Do water changes have to include gravel vacuuming??

SomyaValecha

One of the things i hate about water changes is gravel vacuuming. Is it possible to do a water change without one? How do you make nitrates go down if you aren't actually taking out the physical waste from inside the tank?
 

jkkgron2

Yes, it’s possible to do a water change with gravel vacuuming. But I would still do gravel vacuuming every 2 weeks (so every other water change) to remove any waste or uneaten food.

The nitrates are in the water, but the waste is what turns into ammonia (and then nitrites, and then nitrates) so it’s still a good idea to remove it
 
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BigManAquatics

I vac everytime because snails poop a lot.
 
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kanzekatores

One of the things i hate about water changes is gravel vacuuming. Is it possible to do a water change without one? How do you make nitrates go down if you aren't actually taking out the physical waste from inside the tank?
I do both. The nitrates are in the water, so scooping out some water and replacing can help quite a bit.
 
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SomyaValecha

Yes, it’s possible to do a water change with gravel vacuuming. But I would still do gravel vacuuming every 2 weeks (so every other water change) to remove any waste or uneaten food.

The nitrates are in the water, but the waste is what turns into ammonia (and then nitrites, and then nitrates) so it’s still a good idea to remove it
About how long does it take to turn into ammonia? And do plants reduce ammonia? Also, I do water changes every 2 weeks, would you recommend gravel vacuuming once a month (my aquarium is planted and isn't heavily stocked)? Or is that too big of a gap?
 
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A201

In an aged, cycled tank, w/ 3 + inches of substrate, it's really not neccessary to gravel vac. The beneficial bacteria that populates the gravel will consume & break down the bio gunk. A weekly 50% water change will keep the nitrates in check.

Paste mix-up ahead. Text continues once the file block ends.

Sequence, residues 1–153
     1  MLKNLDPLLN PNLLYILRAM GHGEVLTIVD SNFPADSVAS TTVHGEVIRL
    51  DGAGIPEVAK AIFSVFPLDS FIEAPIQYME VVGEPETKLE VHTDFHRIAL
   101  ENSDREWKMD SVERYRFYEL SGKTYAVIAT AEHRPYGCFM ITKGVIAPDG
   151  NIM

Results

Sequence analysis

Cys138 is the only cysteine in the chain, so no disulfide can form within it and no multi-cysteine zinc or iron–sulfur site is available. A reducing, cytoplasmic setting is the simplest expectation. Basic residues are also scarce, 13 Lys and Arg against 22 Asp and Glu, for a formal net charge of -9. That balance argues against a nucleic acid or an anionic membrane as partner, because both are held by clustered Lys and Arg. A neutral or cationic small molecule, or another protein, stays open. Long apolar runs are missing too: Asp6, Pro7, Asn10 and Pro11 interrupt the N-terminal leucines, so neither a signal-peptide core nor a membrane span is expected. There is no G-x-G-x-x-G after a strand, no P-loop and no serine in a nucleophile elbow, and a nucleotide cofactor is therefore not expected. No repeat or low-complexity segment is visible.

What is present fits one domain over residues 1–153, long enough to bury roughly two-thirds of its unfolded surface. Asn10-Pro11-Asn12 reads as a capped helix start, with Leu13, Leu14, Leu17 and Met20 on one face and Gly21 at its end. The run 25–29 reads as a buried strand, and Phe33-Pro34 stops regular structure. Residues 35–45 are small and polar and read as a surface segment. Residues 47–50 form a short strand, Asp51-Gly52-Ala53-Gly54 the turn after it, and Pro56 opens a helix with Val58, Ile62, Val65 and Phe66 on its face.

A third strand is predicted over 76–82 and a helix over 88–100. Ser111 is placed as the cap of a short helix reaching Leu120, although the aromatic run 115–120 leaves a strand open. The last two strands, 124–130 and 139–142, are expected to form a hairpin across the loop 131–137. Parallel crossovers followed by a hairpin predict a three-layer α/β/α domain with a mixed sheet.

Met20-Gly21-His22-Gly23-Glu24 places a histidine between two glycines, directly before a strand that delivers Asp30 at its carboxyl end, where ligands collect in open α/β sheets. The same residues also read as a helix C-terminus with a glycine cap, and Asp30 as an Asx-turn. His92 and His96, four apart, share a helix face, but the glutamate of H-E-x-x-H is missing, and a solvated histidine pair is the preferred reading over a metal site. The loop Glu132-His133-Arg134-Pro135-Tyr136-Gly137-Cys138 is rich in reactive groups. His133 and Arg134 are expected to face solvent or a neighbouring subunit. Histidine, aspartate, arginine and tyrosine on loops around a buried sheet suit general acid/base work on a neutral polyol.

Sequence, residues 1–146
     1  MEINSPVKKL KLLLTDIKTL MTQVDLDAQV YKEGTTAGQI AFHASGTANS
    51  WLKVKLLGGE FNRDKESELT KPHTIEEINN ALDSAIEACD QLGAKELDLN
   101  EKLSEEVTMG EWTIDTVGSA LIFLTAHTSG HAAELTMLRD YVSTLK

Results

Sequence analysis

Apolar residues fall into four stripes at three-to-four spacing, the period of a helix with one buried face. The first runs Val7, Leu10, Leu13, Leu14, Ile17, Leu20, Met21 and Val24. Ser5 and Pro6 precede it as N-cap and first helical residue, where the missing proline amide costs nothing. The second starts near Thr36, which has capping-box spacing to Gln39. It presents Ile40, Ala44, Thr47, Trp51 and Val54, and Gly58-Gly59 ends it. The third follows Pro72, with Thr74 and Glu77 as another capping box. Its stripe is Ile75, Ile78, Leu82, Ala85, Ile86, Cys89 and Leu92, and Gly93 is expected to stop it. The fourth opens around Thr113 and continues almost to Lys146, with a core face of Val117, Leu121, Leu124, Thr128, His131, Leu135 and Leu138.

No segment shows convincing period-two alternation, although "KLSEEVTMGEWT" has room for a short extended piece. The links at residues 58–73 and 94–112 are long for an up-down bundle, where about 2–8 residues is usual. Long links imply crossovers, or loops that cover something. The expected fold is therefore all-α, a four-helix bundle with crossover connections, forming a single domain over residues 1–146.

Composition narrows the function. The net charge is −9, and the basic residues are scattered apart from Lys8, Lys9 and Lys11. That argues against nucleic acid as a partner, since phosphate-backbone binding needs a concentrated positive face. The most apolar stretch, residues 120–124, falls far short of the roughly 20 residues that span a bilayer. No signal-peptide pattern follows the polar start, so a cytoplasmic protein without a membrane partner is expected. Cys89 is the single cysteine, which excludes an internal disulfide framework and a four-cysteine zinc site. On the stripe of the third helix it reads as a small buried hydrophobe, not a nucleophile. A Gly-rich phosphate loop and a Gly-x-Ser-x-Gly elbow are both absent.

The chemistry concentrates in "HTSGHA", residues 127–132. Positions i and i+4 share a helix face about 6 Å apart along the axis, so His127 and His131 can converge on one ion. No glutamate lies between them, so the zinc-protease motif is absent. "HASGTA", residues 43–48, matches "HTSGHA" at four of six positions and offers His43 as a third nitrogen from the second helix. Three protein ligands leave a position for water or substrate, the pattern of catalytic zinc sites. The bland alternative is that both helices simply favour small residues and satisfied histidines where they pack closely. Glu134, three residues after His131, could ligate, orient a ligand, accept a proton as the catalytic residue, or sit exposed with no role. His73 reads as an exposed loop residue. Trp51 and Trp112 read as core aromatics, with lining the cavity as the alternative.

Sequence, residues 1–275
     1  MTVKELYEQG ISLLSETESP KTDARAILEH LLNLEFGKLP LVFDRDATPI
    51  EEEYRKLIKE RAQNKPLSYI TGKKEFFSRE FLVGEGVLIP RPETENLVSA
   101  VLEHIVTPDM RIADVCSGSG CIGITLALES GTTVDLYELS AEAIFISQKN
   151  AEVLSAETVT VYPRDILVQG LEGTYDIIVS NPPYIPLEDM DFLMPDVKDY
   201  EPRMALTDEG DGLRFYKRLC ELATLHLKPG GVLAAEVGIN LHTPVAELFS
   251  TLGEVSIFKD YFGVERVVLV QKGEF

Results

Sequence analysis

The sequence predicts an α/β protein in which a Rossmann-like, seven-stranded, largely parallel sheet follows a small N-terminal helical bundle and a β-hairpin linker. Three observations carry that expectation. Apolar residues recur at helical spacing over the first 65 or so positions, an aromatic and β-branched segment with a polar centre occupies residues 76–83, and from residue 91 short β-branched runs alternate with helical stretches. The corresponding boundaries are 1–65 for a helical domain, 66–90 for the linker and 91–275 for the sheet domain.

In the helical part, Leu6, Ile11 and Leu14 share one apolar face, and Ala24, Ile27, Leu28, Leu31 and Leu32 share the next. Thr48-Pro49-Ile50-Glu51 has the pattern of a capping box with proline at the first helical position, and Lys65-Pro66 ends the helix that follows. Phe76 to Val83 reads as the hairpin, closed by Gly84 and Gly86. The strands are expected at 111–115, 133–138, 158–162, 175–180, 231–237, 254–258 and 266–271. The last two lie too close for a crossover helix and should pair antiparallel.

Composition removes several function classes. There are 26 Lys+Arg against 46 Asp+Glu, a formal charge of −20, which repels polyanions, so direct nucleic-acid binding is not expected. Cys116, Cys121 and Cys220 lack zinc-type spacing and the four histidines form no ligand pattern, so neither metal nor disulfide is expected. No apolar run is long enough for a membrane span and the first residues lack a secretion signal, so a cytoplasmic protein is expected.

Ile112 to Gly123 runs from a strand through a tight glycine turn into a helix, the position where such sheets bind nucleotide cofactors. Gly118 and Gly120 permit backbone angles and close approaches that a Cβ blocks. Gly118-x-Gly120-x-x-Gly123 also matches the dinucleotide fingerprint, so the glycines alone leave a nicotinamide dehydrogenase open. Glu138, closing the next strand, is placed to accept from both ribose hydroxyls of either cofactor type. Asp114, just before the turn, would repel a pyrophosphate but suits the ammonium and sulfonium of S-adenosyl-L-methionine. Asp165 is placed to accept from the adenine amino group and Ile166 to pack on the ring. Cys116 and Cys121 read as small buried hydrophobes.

It's important not to overfeed & keep up with WC'S.
I haven't gravel vacuumed my tanks in years. The tanks stays healthy & clear.
 
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jkkgron2

About how long does it take to turn into ammonia? And do plants reduce ammonia? Also, I do water changes every 2 weeks, would you recommend gravel vacuuming once a month (my aquarium is planted and isn't heavily stocked)? Or is that too big of a gap?
Not sure exactly how long, but it’s a good idea to gravel vac at least every two weeks. I would gravel vac every time you do a water change if you only do one every two weeks. Plants reduce nitrates, not ammonia.
 
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Debbie1986

My Betta tanks ( 5 gallons) , I used a turkey baster weekly & vacced 1x a month.

Some of them were so small, and the Betta was alone so it was no big deal

my
Imagitarium Freshwater Cube Aquarium Kit, 5.2 GAL
was impossible due to how the lid & filter were set up. it was very cramped.

Great water flow. I gave that tank away though. The opening area was so small.
 
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SomyaValecha

*Sigh* The biggest problem about a big tank is that anything more than a 25% water change is crazy. I have a 75-gallon and I could never imagine doing a 50% water change. Especially since I have to use 2.5 gallon buckets to do water changes :/ . Thank you for the information though It'll save me a lot of time doing water changes in my 10-gallon,
In an aged, cycled tank, w/ 3 + inches of substrate, it's really not neccessary to gravel vac. The beneficial bacteria that populates the gravel will consume & break down the bio gunk. A weekly 50% water change will keep the nitrates in check.
It's important not to overfeed & keep up with WC'S.
I haven't gravel vacuumed my tanks in years. The tanks stays healthy & clear.
 
Upvote 0

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